Report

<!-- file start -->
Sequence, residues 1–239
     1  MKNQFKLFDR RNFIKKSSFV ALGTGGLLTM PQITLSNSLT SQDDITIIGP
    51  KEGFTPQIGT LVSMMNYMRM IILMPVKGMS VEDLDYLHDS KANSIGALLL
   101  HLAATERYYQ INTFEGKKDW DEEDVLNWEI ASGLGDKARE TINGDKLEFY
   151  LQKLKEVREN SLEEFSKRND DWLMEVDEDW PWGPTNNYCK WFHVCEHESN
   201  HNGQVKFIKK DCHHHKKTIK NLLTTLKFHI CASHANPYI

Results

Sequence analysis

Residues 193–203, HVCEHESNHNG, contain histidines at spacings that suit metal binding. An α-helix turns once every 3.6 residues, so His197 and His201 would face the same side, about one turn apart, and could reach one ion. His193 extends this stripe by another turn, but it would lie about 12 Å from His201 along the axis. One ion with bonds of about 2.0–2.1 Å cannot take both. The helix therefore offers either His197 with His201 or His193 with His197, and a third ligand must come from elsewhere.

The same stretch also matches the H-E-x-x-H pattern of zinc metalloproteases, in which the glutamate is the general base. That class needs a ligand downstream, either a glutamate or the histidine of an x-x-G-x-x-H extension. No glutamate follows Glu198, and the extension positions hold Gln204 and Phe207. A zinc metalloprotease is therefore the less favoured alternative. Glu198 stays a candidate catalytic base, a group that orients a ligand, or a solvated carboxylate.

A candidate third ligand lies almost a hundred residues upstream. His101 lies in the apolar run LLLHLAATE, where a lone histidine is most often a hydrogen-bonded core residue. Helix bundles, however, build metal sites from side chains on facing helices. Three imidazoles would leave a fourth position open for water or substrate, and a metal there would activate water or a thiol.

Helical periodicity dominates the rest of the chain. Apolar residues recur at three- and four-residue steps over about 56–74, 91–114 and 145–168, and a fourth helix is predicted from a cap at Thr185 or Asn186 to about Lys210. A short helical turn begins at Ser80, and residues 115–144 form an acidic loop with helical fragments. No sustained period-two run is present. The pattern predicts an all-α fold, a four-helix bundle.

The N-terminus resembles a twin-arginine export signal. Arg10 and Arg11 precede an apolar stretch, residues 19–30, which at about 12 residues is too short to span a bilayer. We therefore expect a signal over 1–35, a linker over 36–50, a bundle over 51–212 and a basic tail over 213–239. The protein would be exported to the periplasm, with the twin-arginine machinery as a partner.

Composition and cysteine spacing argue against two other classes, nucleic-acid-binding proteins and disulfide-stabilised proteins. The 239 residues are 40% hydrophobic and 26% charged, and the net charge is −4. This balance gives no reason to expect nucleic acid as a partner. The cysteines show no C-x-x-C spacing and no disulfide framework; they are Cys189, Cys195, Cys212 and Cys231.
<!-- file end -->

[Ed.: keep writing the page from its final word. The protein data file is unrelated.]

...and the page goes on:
Evaluation of segmentation Example Reference standard & segmentation Segmentation performance • Qualitative/subjective evaluation the easy way out, sometimes the only option • Quantitative evaluation preferable in general • A wild variety of performance measures exists • Many measures are applicable outside the segmentation domain as well • Focus here is on two class problems Some terms • • • • Ground truth = the real thing Gold standard = the best we can get Bronze standard = gold standard with limitations Reference standard = preferred term for gold standard in the medical community What to evaluate? • Without reference standard, subjective or qualitative evaluation is hard to avoid • Region/pixel based comparisons • Border/surface comparisons • (a selection of) Points • Global performance measures versus local measures Example Reference standard & segmentation What region to evaluate over? Combination of reference and result masked true positive true negative false negative false positive False positives False negatives Confusion matrix (Contingency table) Segmentation negative negative positive 191152 3813 TN Reference positive 9764 FP 19648 FN TP Do not get confused! • False positives are actually negative • False negatives are actually positives Confusion matrix (Contingency table) Segmentation negative negative positive .852 .017 TN FP Reference positive .044 .088 FN TP Accuracy, sensitivity, specificity sensitivity = true positive fraction = 1 – false negative fraction = TP / (TP + FN) specificity = true negative fraction = 1 – false positive fraction = TN / (TN + FP) accuracy = (TP + TN) / (TP + TN + FP + FN) Accuracy • Range: from 0 to 1 • Useful measure, but: • Depends on prior probability (prevalence); in other words: on amount of background • Even ‘stupid’ methods can achieve high accuracy (e.g. ‘all background’, or ‘most likely class’ systems) Sensitivity & specificity • Are intertwined • ‘stupid’ methods can achieve arbitrarily large sensitivity/specificity at the expense of low specificity/sensitivity • Do not depend on prior probability • Are useful when false positives and false negatives have different consequences P N N P P P N N P N N P P P N N true positives (TP) false positives (FP) sensitivity = true positive fraction = 1 – false negative fraction false negatives (FN) = TP / (TP + FN) true negatives (TN) specificity = true negative fraction = 1 – false positive fraction = TN / (TN + FP) accuracy = (TP+TN) / (TP+TN+FP+FN) P N N P P P N N P N N P P P N N true positives (TP) = 3 false positives (FP) = 3 sensitivity = TP / (TP + FN) = 3 / 5 = 0.6 false negatives (FN) = 2 true negatives (TN) = 4 specificity = TN / (TN + FP) = 4 / 7 = 0.57 accuracy = (TP+TN) / (TP+TN+FP+FN) = 7 / 12 = 0.58 P P P N P N N N P P N P P P N algorithm 1 =3 algorithm 2 P P =4 =3 =5 P N P P P P N N N =2 N N =1 =4 =2 P P N P sensitivity = 3 / 5 = 0.6 specificity = 4 / 7 = 0.57 accuracy = 7 / 12 = 0.58 sensitivity = 4 / 5 = 0.8 specificity = 2 / 7 = 0.29 accuracy = 6 / 12 = 0.5 Which system is better? Back to the retinal image… result reference negative positive negative .852 TN .017 FP positive .044 FN .088 TP Accuracy: 0.93949 Sensitivity: 0.668027 Specifity: 0.980443 Overlap = intersection / union = TP/(TP+FP+FN) Reference FN Segmentation TP TN FP Overlap • Overlap ranges from 0 (no overlap) to 1 (complete overlap) • The background (TN) is disregarded in the overlap measure • Small objects with irregular borders have lower overlap values than big compact objects Kappa • Accuracy would not be zero if we used a system that is ‘guessing’ • A ‘guessing’ system should get a ‘zero’ mark (remember multiple choice exams…) • Kappa is an attempt to measure ‘accuracy in excess of accuracy expected by chance’ Kappa Result negative positive Reference negative 191152 positive 3813 194965 9764 19648 29412 200916 23461 224377 System positive rate: 23461/224377 = .105 System accuracy: (191152 + 19648)/ 224377 = .939 Total number of positives True positives of a guessing system: .105 * 29412 = 3075 … etc Accuracy guessing system: .792 Kappa • accguess = the accuracy of a randomly guessing system with a given positive (or negative) rate • kappa = (acc – accguess) / (1 – accguess) • In our case: kappa = (.939 - .792)/(1 - .792) = .707 Kappa • Maximum value is 1, can be negative • A ‘guessing’ system has kappa = 0 • ‘Stupid systems’ (‘all background’ or ‘most likely class’) have kappa = 0 • Systems with negative kappa have ‘worse than chance’ performance Positive/negative predictive value • PPV and NPV depend on prevalence, contrary to sensitivity and specificity ROC analysis Evaluating algorithms • Most algorithms can produce a continuous instead of a discrete output, monotonically related to the probability that a case is positive. • Using a variable threshold on such a continuous output, a user can choose the (sensitivity, specificity) of the system. This is formalized in an ROC (receiver operator characteristic) analysis. Reference standard & segmentation Reference standard & soft segmentation ROC analysis Pn(x) Pp(x) true positive fraction true negative fraction false positive fraction x ROC curve 1 0.8 true positive probability true positive fraction sensitivity detection rate 0.9 0.7 0.6 0.5 0.4 0.3 0.2 0.1 0 0 0.1 0.2 0.3 0.4 0.5 0.6 0.7 0.8 false positive probability false positive fraction 1 - specificity chance of false alarm 0.9 1 ROC curves • • • • • Receiver Operating Characteristic curve Originally proposed in radar detection theory Formalizes the trade-off between sensitivity and specificity Makes the discriminability and decision bias explicit Each hard classification is one operating point on the ROC curve ROC curves • A single measure for the performance of a system is the area under the ROC curve Az • A system that randomly generates a label with probability p has an ROC curve that is a straight line from (0,0) to (1,1), Az = 0.5 • A perfect system has Az = 1 • Az does not depend on prior probabilities (prevalence) ROC curves • If one assumes Pn(x) and Pp(x) are Gaussian, two parameters determine the curve: the difference between the means and the ratio of the standards deviations. They can be estimated with a maximum-likelihood procedure. • There are procedures to obtain confidence intervals for ROC curves and to test if the Az value of two curves are significantly different. Intuitive meaning for Az • Is there an intuitive meaning for Az? • Consider the two-alternative forced-choice experiment: an observer is confronted with one positive and one negative case, both randomly chosen. The observer must select the positive case. What is the chance that the observer does this correctly? Pp(x) Pn(x) x x chancecorrectdecision 2 - AFC exp. dx Pn( x) dx' Pp ( x' ) 1 0.9 true positive probability 0.8 Az 0.7 0.6 0.5 dx P ( x) dx' P ( x' ) n 0.4 p x 0.3 0.2 true positive fraction 0.1 0 0 0.1 0.2 0.3 0.4 0.5 0.6 0.7 false positive probability 0.8 0.9 1 width false positive fraction column Az as a segmentation performance measure • Ranges from 0.5 to 1 • Soft labeling is required (not easy for humans in segmentation) • Independent of system threshold (operating point) and prevalence (priors) • Depends on ‘amount of background’ though! Summary • Various pixel-based measures were considered for two class, hard (binary) classification results: – Accuracy – Sensitivity, specificity – Overlap – Kappa • ROC